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Ireland Trip - Day 6 - Ireland

Blogging at 21:50 on Sunday 13th August from intended overnighting spot N 51.95363°, W 07.83196° / http://maps.google.com/maps?q=loc:51.95363%2C-07.83196

It was a super-peaceful camp last night and although we saw no more pine martens we did spot a few siskins feeding on birch this morning.

In something of an unusual move for us, we initially back-tracked a few miles for a couple of reasons. As we'd driven through Dungarven we'd seen a splendid spot next to the estuary that seemed to offer some good birding opportunities; plus, leading up to the town on yesterday's drive, we'd seen what looked like an impressive greenway that seemingly linked Dungarven to Waterford.

Sure enough, it does. Not only that but it does it in style. It's only a few years old and has been built and maintained to a standard that any Danish, Dutch or German cycle-network project manager would be jealous of:  https://greenwaysireland.org/waterford-greenway/

Emma Gump was delighted at such a safe and foolproof running prospect and no sooner had I stopped the engine than she was changed and off. She said 8 miles: I knew it would be more.

For my part I took to the bike and after a brief whiz around the not unpleasant seaside town of Dungarven set off up the greenway about 10 minutes later. She'd already run about 3 miles by the time I caught her and showed no signs of even thinking about turning back.

I pressed on ahead and had a very pleasant ride along the smooth and clean tarmacked surface; slowed only by the splendid views and the need to take things a bit easy whilst passing a multitude of people of all ages and persuasions making full use of what is genuinely a most impressive resource. From parents with buggies, through kids on wobbly bikes, to sports and cycle tourists: this is deservedly one brilliantly well-used initiative. Kudos to the people that made it happen.

My total ride time was about an hour and ten minutes but I'd been back at the truck, showered, watched birds and common seals in the estuary (black-tailed godwits present in huge numbers) and fully prepared lunch by the time Emma eventually returned. Her total distance was north of 13 miles.

Whilst eating lunch and continuing to watch the estuary traffic and people started to build and it became obvious there was set to be a hurling match in the GAA stadium not far from where we'd parked. Adults and youth alike filed past the truck and all were obviously in good spirits. Here's the notable bit: innumerable groups of teenage lads filed past the truck and it was slightly disarming to witness them just simply chatting quietly amongst themselves (sometimes about the truck) as they trooped along. Had this been England, it's almost certain that the same groups absolutely would have been loud, swearing, boorish and would have given me - geekishly watching birds out of an unusual vehicle window - a healthy dollop of mocking jibes. I was acutely aware I'd pre-judged a situation through a weary socialised English prism. My country is not in a good place.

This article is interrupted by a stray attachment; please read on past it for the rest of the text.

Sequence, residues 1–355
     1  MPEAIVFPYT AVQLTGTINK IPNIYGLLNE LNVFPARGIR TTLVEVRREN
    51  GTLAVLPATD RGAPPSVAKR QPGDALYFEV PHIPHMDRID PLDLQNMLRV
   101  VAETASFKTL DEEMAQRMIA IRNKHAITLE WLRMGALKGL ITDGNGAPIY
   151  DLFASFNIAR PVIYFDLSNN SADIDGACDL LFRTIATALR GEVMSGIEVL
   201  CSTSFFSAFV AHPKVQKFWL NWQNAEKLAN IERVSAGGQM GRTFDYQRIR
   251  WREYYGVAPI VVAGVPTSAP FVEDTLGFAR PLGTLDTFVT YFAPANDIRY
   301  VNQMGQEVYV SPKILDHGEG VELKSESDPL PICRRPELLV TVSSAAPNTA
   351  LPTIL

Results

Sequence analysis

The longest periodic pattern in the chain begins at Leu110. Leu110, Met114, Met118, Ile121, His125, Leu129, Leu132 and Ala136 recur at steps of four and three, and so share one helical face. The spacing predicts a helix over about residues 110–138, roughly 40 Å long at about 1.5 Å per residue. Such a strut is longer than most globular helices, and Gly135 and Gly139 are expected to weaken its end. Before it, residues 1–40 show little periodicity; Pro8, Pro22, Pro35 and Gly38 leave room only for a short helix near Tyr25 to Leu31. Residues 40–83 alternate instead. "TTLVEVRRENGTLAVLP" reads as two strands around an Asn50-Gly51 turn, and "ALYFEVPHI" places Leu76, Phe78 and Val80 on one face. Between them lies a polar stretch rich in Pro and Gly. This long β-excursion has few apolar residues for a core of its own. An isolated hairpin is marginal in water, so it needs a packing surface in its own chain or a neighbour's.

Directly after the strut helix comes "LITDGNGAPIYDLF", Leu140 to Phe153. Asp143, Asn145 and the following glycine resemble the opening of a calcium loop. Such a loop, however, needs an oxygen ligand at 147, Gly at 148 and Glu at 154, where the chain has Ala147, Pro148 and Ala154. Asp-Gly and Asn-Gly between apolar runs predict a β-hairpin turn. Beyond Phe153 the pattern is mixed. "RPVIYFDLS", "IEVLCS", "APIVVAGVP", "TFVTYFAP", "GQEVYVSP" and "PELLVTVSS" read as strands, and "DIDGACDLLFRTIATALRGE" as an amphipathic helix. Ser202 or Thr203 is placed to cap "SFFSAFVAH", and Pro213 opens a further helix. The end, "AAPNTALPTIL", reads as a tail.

After quitting Dungarven we retraced our retrace and headed generally west. Only a few miles into the drive we stumbled upon a mass open burial ground that was the final stop for thousands who perished in The Great Famine (pic). We took the time to stop and had a suitably sombre wander around the (rarely visited, it seems) site and then, feeling slightly unsettled about giant Toblerones, recommenced the westward jaunt.

Which now sees us at tonight's intended overnighting spot overlooking Youghal harbour. It wasn't an easy spot to find as, once again, No Overnight Parking signs are more often than not to be found on most van-sized-or-larger patches of land around these parts.

It's a nice enough spot that's given up more bird species that I'd first thought likely. Amongst the more notable have been: greenfinch, linnets, wheatear, meadow pipit, stonechat, dunlin, ringed plover, sandwich tern, turnstone and a solitary whimbrel; more than likely stocking up on its way back to its African wintering grounds.

One, and only one, of the ringed plover was employing a really productive feeding technique. Unlike all others present, or that I've ever seen (which ordinarily just dart about restlessly and then stab at any invertebrates they happen upon) this one stood still on the sand / shingle and then vibrated / drummed one leg really rapidly. The result seems to have been that this disturbed hidden invertebrates and tricked them to make a bid for escape only to be scoffed by the guilesome bird in question. When it had been successful - and it was clearly eating far more than its peers - it would then repeat the process but with the other leg. I don't know if this is a known behaviour with this species but will try to find out.

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